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Why is that some pages loading with lightning speed and others are stuck with a “Waiting for….” in the bottom status bar? One reason is the number of file calls– CSS stylesheets, Javascript, images and the content. Browsers bring down these files in pairs and have to often wait until some of them are down before they get pointers as to what comes next. This boils down into what is called “hang time.” CMSes and style heavy sites can take an eternity to come down. The good news: you can make even a feature rich and complex layout come through at lightning speed. The answer: CSS Sprites.

Back in the old days, programmers built video games with image files called “sprites.” A sprite would hold multiple instances of the same icon in different positions. To see Mario run away from Donkey Kong, the program would show a small segment, offset by so many pixels this way or that to make it appear animated when the little segments were run in quick succession like film frames.

The CSS Sprite uses the offsetting trick. It calls for one big image that all of these elements. Then, each segment on the page loads this one big image into its background and shows off just a small part of that image. If a page would otherwise load 20 to 40 images, a CSS sprite driven page loads a single image. The relative size of the one image may be much bigger than the same multiple images, but that one big file amounts to one moment of hang time instead of 20 to 40 moments of hang time. The net effect is a much faster apparent download for your users.

First off– plan! Every web page has elements that are finite (like headers and footer) and parts that are open ended (like the middle body). Because you are dropping multiple elements onto the same page, you have to make sure they don’t collide with one another. Look at Figure 1: there are multiple elements. For sidebar elements (the three rounded boxes to lower right), the header, middle and footer are together in each case.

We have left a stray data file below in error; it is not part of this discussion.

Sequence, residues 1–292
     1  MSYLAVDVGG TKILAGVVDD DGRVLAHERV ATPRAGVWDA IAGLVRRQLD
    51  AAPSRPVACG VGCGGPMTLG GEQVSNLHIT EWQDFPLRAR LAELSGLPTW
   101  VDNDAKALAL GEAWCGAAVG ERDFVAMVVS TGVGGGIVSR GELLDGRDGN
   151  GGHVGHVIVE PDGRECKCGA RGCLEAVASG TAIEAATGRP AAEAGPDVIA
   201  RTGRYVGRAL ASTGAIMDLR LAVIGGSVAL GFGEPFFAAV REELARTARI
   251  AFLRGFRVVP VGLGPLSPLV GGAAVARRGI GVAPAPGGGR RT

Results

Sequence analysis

Fig 1.

What I’ve done is use a div box with a set width and height of what I want to see. Then, use the background position to get a segment. For example, I got the the header and footer from the rounded box I created (see Fig. 2 and the red dotted regions).

Fig 2.

div.sprite {
background-color: transparent;
background-image: url(../images/fg.png);
background-repeat: repeat;
background-attachment: scroll;
background-position: 0% 0%;

#inner-wrap #heading {
background-repeat: no-repeat;
width: 950px;
height: 106px;
background-position: -1595px 0px;

The div.sprite is the catch-all for the style to establish the page’s background images.

#inner-wrap #heading are two CSS IDs that have to be satisified to display the heading. The means that the #heading, #body and #footing can all exist inside of #inner-wrap, but only the #heading get the background from 1595px by 0 that is 950 pixels wide and 106 pixels tall.

The footer gets a similar treatment:

#inner-wrap #footing {
width: 950px;
height: 120px;
background-position: -1595px -360px;

In the HTML, the heading div looks like this:

(the inner-wrap div keeps going for most of the page)

The #inner-wrap id is the big overarching container for most of the page. The #header div is more finite. Because divs natively line break before and after, the heading, body and footing stack on top of each other down the page.

The Basic Layout

Zero Box Plus
background-position: 0 0;

Box Plus
background-position: 100 100;

Box Zero Minus
background-position: -0 -0;

Box Minus
background-position: -100 -100;

Box 100% Percent
background-position: 100% 100%;

Box 0% Percent
background-position: 0% 0%;
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